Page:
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Jordan Lets Air Out of Feud as Only West Has Weak End

February 08, 1988|SCOTT OSTLER

CHICAGO — First, some highlights of National Basketball Assn. All-Star weekend, a real somber occasion:

--The weather. Friday, wind-chill factors in Chi-town were down to 37-below. But by Sunday the mercury had shot up almost to zero, with only light snow flurries.

Giddy Chicagoans grabbed their Frisbees and thawed out their dogs. Those not busy bagging lake-shore rays headed to Chicago Stadium, where Michael Jordan was conducting a seminar titled, "In Your Faces, Western Conference Earthlings."

--In Saturday's slam-dunk contest, Jordan's creativity was exceeded only by that of the judges, who did the finest marking since the last time Eastern Bloc judges scored the routine of a U.S. figure skater.

--Laker James Worthy, who couldn't decide whether to sit or play in the All-Star game, did both. He took a shot while sitting on the seat of his pants. Larry Bird bent over and blocked it. In your lap, sucker.

--The NBA really went big-time. Everything was corporate-sponsored--Gatorade Slam Dunk, American Airlines Three-Point Contest . . .

--Mark Aguirre got married Saturday. After Sunday's game, bride and groom left on their Gatorade/Sealy Posturepedic Honeymoon.

--On the gossip front, the alleged feud between Michael Jordan and the Isiah Thomas-Magic Johnson Axis erupted into peace. Joan Collins will not--repeat, not--be called in to mediate. Next summer, Magic, Isiah and Jordan will be seen marlin fishing together off the coast of Majorca.

A silly NBA All-Star weekend? It's all relative. Soon, all America will go ga-ga over two weeks of luge and biathlon. By comparison, this weekend was Gorbachev-Reagan.

And for the shining moments, the NBA and the world can thank a guy known to his friends as simply Air.

Michael (Air) Jordan, star of the hometown Chicago Bulls, dominated Sunday's NBA All-Star game, scoring 40 points, 2 shy of Wilt's record. Granted, some of Jordan's baskets were cheapies, coming while he was guarded by only two or three opponents.

Many of his shots, though, bordered on the incredible. In other words, routine Jordan.

"Everybody else be like in the sky," said West All-Star Xavier McDaniel, "Michael be in outer space."

Actually, though, it was a conservative game for Air.

"I love to see Michael Jordan play, see something crazy that makes you stand up and shake," said newlywed Aguirre. "On one play today he almost got there, but everything else was just basic 'jump-up-and-open-your-mouth.' He didn't have any tremblers today."

Maybe Aguirre was all trembled out from wedding-partying all night, because the Chicago fans didn't seem to have any trouble falling out of their seats when Jordan rammed home a two-hand Air-bound (Pat. Pending), or knifed through five West thugs, Walter Payton-style, for a sweet layup.

I mean, let's talk to an expert witness. How about it, Dr. J?

"Basketball is an art form of sorts," said Julius Erving, who talks more like a real doctor every day. "If a player is allowed to take a brush to canvas, something wonderful will be created. Today, something wonderful was created."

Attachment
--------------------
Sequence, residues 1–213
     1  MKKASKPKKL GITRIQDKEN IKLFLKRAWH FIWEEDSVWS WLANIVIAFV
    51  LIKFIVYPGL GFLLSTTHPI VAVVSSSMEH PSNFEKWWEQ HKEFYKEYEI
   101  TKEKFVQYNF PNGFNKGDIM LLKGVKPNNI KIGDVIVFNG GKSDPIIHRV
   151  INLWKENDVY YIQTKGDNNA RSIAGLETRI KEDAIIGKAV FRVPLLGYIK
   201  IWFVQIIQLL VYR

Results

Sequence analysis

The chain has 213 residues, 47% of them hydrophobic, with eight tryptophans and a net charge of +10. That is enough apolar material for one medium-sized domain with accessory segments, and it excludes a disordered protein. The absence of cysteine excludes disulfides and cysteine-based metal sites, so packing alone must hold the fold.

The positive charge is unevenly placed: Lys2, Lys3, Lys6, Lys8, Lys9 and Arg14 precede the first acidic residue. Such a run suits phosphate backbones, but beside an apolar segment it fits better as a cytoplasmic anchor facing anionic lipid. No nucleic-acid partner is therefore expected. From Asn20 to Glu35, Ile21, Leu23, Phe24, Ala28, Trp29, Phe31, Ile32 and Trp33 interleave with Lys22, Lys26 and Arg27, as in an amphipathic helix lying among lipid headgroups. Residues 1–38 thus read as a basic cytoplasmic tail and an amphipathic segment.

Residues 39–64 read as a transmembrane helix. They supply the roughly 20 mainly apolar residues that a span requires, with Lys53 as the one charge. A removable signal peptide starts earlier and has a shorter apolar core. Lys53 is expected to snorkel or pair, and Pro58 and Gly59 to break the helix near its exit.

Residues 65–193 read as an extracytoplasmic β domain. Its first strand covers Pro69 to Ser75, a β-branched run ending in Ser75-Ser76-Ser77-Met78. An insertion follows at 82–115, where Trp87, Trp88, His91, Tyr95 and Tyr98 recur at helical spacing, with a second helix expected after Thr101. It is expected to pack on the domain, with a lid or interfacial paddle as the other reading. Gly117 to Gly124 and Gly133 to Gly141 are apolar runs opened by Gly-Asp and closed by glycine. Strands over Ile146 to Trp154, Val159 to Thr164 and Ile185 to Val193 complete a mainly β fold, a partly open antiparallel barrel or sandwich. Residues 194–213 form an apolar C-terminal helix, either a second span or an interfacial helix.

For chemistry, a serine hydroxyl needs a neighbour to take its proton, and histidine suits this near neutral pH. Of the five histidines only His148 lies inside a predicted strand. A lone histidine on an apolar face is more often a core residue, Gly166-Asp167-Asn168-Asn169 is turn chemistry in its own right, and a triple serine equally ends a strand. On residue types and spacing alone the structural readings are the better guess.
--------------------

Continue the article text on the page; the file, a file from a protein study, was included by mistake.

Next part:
Never mind that most of the other so-called artists were finger painting on hardwood Sunday. Yes, this ultimate playground game was a little ragged. Instead of sweet paychecks, the winners should have been awarded a quart bottle of warm beer in a brown bag, to be shared equally among them.

Which makes Jordan's performance all the more special. He rose above the rabble, wearing his new line of designer sneakers. This is an incredible young man, on his way up in more ways than one.

Jordan is a humble fellow who makes about $7 million a year, mostly on shoe endorsements. He's the only guy in America who can sell ad space on the bottom of his shoes, with the possible exception of Tex Cobb.

Yet Michael still gets his hair cut by the neighborhood barber, vacuums his own rugs and irons his own shirts.

"Any women in your life?" comedian Jay Leno asked Jordan during Saturday night's NBA party. "Of course not. With all that housework, you don't have time."

Actually, Jordan is engaged. And engaging.

"It made me proud to play in front of the home fans," Michael said. "And in front of my family, fiancee and friends. They have expectations like other fans, and wish me luck. That's what friends and family are for first of all."

Michael's mom, at his side along with Michael's father during the MVP press conference said, "The moves he has do not surprise us."

Easy for you to say, Air Mom. You don't have to guard the guy.

Jordan is so nice, so clean-cut and humble, you wonder if, along with the slam-dunk and MVP trophies, he will also be awarded a basket-making merit badge.

He's so nice you wonder how he became embroiled in a simmering feud with the likes of Isiah Thomas and even Magic Johnson. Magic feels he was dragged into the feud as an innocent bystander.

That feud stuff dates back three years, and is grounded in solid fact. Isiah did snub Jordan at an All-Star game. And Jordan did think Magic had mistreated fellow North Carolina alumnus Worthy. But this weekend the feud died quietly. Isiah got many of his 15 assists feeding Air.

And Jordan and Magic are now solid as a rock. They got together Saturday night for a heart-to-heart chat.

"We've talked, we've got it all straight," Magic said. "I'm tired of all this stuff (media accounts of the rift), it's unbelievable. We talked, we're going to do each other's camps this summer. Me and him know (we're friends), that's all that matters."

Ah, a feud killed with the old hoop superstar cliche: "Let's do camps."

So Sunday night the artists departed to their respective home canvases, feuds diffused, mutual respect renewed.

And the Chicago they left behind, thanks to Michael Jordan, is a warmer place.

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